Jean Baudrillard

Philosophy and Literature 14 (1990): 234-38.

Denis Dutton

The editor who anthologizes the work of a single author typically feels compelled in an introduction to explain why the book’s contents are so splendid and worthy of our every attention. In just this respect, Mark Poster’s entree to his anthology, Jean Baudrillard: Selected Writings (Stanford University Press, $32.50 cloth, $10.95 paper), is a refreshingly honest exception. Poster presents what is probably as clear and intelligent an exposition of Baudrillard’s ideas as you’ll find anywhere. But despite his obvious sympathy with Baudrillard, he is willing to add that the writing “is open to several criticisms.” Baudrillard ignores contrary evidence for his claims, which are expressed in a style characterized by Poster as “hyperbolic and declarative, often lacking in sustained, systematic analysis when it is appropriate” Baudrillard extrapolates from limited areas of experience, such as television images, “as if nothing else in society mattered.” Poster regrets that Baudrillard “fails to define his major terms,” and that he “totalizes” his claims without qualification or limitation.

Jean Baudrillard

To this list of charges I would add only that, when it isn’t unintelligible, almost everything Baudrillard says is either trite or somehow — vaguely or baldly — false. We are not allowed long to forget that Baudrillard is a sociology professor. Poster believes that “Baudrillard’s work is invaluable in beginning to comprehend the impact of new communication forms on society.” I’d advise anyone seeking to understand the broad implications of computer and video technologies for information and entertainment to search elsewhere, but if you want to know which way the wind is blowing in “theory,” this is the place. The selections in this book begin in 1968, when Baudrillard was still some kind of a Marxist, and continue through “The Masses: The Implosion of the Social in the Media” (1985). This last piece proposes the familiar notion that we are imprisoned in a world of media simulations, video phantasms, and that we cannot come to know the real not because we are ignorant but because we are overinformed: “we will never in the future be able to separate reality from its statistical, simulative projection in the media.” This isn’t an uncertainty we’ve experienced in the past, but a brand new kind of uncertainty brought about by an excess of information.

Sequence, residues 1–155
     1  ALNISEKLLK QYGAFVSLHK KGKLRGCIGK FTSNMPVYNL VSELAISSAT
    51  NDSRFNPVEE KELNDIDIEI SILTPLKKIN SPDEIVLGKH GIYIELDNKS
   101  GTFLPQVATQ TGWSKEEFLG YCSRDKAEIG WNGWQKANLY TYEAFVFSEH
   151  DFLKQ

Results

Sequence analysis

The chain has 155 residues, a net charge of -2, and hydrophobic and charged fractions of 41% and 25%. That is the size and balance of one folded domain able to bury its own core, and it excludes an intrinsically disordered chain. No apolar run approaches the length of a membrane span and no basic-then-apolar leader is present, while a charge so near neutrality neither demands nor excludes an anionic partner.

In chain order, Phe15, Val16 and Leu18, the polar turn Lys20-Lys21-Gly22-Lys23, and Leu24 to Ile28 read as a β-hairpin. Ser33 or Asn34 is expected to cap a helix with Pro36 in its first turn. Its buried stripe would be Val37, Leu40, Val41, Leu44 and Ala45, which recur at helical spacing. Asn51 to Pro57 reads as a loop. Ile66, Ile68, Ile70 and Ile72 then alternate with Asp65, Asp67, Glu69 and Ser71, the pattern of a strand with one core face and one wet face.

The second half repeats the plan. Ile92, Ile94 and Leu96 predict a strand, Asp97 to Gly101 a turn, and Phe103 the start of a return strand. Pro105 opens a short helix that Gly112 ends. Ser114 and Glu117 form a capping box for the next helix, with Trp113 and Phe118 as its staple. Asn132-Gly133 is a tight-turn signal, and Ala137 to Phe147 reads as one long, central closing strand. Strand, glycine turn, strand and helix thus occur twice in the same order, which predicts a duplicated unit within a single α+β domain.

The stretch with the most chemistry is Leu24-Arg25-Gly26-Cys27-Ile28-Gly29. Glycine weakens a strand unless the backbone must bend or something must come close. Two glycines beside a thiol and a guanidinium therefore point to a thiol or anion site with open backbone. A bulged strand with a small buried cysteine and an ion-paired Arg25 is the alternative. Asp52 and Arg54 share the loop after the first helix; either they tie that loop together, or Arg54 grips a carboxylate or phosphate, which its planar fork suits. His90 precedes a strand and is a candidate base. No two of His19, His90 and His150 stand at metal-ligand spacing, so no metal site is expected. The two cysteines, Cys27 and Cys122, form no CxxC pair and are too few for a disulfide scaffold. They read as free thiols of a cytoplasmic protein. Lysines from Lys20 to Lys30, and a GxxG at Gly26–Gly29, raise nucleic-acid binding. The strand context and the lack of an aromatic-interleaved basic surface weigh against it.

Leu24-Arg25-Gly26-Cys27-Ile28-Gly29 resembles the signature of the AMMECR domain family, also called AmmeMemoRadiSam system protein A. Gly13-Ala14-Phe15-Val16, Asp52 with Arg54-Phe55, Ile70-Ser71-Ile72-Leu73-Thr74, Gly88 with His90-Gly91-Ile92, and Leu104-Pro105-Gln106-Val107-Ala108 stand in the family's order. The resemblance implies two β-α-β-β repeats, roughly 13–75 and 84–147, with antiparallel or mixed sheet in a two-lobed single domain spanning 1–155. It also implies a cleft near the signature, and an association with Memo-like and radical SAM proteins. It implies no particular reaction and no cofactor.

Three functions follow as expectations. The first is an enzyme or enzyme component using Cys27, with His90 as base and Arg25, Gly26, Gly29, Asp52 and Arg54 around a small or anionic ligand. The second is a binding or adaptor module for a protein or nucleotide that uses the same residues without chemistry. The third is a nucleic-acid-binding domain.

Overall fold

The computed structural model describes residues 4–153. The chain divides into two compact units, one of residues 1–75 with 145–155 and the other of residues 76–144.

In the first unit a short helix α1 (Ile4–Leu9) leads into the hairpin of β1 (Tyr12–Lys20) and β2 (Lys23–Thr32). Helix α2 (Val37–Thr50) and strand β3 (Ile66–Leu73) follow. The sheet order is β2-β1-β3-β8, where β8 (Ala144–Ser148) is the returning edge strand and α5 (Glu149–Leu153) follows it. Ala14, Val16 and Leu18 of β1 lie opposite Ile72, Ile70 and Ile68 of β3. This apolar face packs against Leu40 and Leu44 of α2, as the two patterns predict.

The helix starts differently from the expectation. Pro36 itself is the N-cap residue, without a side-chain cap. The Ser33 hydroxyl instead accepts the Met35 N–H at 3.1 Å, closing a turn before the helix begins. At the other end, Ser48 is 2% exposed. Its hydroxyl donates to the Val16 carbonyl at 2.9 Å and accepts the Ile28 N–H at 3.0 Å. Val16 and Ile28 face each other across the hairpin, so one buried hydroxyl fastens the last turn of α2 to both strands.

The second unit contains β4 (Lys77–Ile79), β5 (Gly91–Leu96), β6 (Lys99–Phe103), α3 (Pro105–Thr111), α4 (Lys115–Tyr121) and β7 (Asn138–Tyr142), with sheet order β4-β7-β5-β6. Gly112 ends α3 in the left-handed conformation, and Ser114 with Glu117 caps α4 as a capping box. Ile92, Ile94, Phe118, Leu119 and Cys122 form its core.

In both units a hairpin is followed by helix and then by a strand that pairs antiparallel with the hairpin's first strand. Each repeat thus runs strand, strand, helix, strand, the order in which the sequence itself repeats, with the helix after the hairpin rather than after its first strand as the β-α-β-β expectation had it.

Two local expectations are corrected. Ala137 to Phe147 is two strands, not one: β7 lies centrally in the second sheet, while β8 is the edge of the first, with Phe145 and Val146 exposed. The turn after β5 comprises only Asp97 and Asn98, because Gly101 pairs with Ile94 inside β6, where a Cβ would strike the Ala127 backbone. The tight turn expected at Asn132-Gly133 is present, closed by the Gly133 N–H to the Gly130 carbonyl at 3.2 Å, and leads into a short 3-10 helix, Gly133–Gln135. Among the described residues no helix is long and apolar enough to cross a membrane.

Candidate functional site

So much for the trite part about video simulations replacing reality and media/ information overload. The false part comes when Baudrillard talks about the public reaction to this. The response of “the masses” (he still fancies bits of Marxist parlance) to the media is silence — people get even with public opinion polls, television, advertising, and so forth by plunging themselves into a state of stupor. Like McLuhan, Baudrillard doesn’t want to call this sort of thing good or bad; unlike McLuhan, he gives very few examples of the phenomena he purports to describe. There are no examples whatsoever of how public silence, passivity, and alienation serve as “strategies” to counter and undermine the oppression of the media. And how could he give an example of this? To be sure, there is an abundance of stupified people out there sitting in front of television screens; but to portray their stupefaction as a form of calculated revenge on the media is frivolous without even being interesting.